We performed {\it N}-body simulations of planetary formation in binary systems starting from massive planetesimals whose size is about 100-500 km. We found that the eccentricity vectors of planetesimals quickly converge to the forced eccentricity due to the coupling of the perturbation of the companion and the mutual interaction of planetesimals if the initial disk model is sufficiently wide in radial distribution. This convergence decreases the collision velocity and as a result accretion can proceed much in the same way as in isolated systems. The basic processes of the planetary formation, such as runaway growth and oligarchic growth and final configuration of the protoplanets are essentially the same in binary systems and single star systems, at least in the late stage where the effect of gas drag is small.

    Comments: 26pages, 11 figures. ApJ accepted

    Subjects: Astrophysics (astro-ph)

    Cite as: arXiv:0707.2928v1 [astro-ph]

    Submission history

    From: Yusuke Tsukamoto [view email]

    [v1] Thu, 19 Jul 2007 15:50:46 GMT (425kb)


  • ljk September 14, 2007, 10:59

    Microlensing Detections of Planets in Binary Stellar Systems

    Authors: Dong-Wook Lee, Chung-Uk Lee, Byeong-Gon Park, Sun-Ju Chung, Young-Soo Kim, Ho-Il Kim, Cheongho Han

    (Submitted on 13 Sep 2007)

    Abstract: We demonstrate that microlensing can be used for detecting planets in binary stellar systems. This is possible because in the geometry of planetary binary systems where the planet orbits one of the binary component and the other binary star is located at a large distance, both planet and secondary companion produce perturbations at a common region around the planet-hosting binary star and thus the signatures of both planet and binary companion can be detected in the light curves of high-magnification lensing events.

    We find that identifying planets in binary systems is optimized when the secondary is located in a certain range which depends on the type of the planet. The proposed method can detect planets with masses down to one tenth of the Jupiter mass in binaries with separations less than ~ 100 AU. These ranges of planet mass and binary separation are not covered by other methods and thus microlensing would be able to make the planetary binary sample richer.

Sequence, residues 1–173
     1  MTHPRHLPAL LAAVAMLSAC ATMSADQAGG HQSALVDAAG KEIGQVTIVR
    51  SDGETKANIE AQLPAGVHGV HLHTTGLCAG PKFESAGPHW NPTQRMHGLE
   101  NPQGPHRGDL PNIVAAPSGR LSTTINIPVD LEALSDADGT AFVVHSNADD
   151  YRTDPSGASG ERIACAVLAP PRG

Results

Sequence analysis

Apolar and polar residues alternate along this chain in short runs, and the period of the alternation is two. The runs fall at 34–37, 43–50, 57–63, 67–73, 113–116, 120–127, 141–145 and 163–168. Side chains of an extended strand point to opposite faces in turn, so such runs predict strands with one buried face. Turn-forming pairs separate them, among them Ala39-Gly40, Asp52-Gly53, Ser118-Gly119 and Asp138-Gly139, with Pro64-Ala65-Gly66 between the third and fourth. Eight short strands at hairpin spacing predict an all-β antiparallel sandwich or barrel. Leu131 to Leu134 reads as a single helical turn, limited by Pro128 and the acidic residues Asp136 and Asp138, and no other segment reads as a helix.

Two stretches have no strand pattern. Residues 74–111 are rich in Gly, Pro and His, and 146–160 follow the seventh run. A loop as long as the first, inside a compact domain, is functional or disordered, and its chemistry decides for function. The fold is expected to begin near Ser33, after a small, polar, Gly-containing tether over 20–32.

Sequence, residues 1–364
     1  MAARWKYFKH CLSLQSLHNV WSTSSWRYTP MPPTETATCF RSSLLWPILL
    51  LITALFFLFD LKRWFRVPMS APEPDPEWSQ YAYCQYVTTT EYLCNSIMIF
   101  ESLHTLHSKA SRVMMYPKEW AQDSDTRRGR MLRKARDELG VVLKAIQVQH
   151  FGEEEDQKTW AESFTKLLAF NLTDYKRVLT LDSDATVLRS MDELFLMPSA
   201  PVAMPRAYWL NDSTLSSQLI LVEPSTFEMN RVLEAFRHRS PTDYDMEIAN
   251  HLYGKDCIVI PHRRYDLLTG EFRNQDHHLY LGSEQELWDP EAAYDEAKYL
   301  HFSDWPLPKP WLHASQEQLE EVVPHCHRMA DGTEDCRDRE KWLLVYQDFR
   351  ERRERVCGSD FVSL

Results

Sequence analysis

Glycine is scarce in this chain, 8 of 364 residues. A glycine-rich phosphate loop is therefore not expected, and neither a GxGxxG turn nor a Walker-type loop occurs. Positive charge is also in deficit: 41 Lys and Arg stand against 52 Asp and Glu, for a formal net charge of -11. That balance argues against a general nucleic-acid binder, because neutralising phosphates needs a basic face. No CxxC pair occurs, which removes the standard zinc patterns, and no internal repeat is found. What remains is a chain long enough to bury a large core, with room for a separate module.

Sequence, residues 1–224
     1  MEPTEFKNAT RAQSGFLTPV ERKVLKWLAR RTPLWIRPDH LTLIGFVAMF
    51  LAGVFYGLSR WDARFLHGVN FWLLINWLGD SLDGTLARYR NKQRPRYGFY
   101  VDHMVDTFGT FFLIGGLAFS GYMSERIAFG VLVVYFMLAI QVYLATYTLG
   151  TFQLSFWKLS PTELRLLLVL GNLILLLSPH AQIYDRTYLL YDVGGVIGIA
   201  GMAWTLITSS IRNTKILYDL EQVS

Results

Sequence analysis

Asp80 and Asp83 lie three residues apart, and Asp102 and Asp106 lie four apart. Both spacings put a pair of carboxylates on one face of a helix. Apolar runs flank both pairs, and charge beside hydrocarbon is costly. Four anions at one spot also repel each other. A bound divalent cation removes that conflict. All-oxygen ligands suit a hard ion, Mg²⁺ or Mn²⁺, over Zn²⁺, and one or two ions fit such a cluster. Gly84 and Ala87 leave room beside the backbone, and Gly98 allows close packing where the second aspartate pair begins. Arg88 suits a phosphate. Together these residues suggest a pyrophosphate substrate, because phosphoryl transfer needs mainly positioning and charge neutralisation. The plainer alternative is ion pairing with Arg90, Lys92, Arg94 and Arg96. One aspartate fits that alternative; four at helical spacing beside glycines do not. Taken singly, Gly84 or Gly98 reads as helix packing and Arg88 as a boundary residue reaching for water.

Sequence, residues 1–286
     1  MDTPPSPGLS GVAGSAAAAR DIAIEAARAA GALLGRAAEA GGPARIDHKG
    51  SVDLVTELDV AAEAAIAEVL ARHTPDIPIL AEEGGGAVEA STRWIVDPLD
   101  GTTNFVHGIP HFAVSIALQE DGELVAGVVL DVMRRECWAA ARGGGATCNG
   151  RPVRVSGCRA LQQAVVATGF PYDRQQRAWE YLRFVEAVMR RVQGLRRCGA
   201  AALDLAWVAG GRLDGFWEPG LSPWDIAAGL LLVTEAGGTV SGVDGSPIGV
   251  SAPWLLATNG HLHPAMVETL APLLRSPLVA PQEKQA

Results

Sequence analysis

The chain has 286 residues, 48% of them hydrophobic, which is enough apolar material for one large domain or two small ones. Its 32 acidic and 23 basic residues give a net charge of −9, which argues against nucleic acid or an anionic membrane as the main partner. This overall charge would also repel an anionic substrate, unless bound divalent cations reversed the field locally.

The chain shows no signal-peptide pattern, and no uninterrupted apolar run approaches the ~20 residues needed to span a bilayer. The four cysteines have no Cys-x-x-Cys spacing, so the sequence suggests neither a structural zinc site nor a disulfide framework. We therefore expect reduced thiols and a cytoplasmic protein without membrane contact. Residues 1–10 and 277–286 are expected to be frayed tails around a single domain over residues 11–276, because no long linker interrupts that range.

Comments: 5 pages, two figures in JPG format

    Subjects: Astrophysics (astro-ph)

    Cite as: arXiv:0709.1992v1 [astro-ph]

    Submission history

    From: Cheongho Han [view email]

    [v1] Thu, 13 Sep 2007 04:50:57 GMT (127kb)


  • ljk October 4, 2007, 21:47

    Habitability of Planets in Binaries

    Authors: Nader Haghighipour

    (Submitted on 3 Oct 2007)

    Abstract: A survey of currently known extrasolar planets indicates that close to 20% of their hosting stars are members of binary systems. While the majority of these binaries are wide (i.e., with separations between 250 and 6500 AU), the detection of Jovian-type planets in the three binaries of Gamma Cephei (separation of 18.5 AU), GL 86 (separation of 21 AU), and HD 41004 (separation of 23 AU) have brought to the forefront questions on the formation of giant planets and the possibility of the existence of smaller bodies in moderately close binary star systems. This paper discusses the late stage of the formation of habitable planets in binary systems that host Jovian-type bodies, and reviews the effects of the binary companion on the formation of Earth-like planets in the system’s habitable zone. The results of a large survey of the parameter-space of binary-planetary systems in search of regions where habitable planets can form and have long-term stable orbits are also presented.

    Comments: 4 pages, 3 figures, to appear in “Extreme Solar Systems,” ASP Conference Series, ed. Debra Fischer, Fred Rasio, Steve Thorsett and Alex Wolszczan

    Subjects: Astrophysics (astro-ph)

    Cite as: arXiv:0710.0686v1 [astro-ph]

    Submission history

    From: Nader Haghighipour [view email]

    [v1] Wed, 3 Oct 2007 01:37:09 GMT (120kb)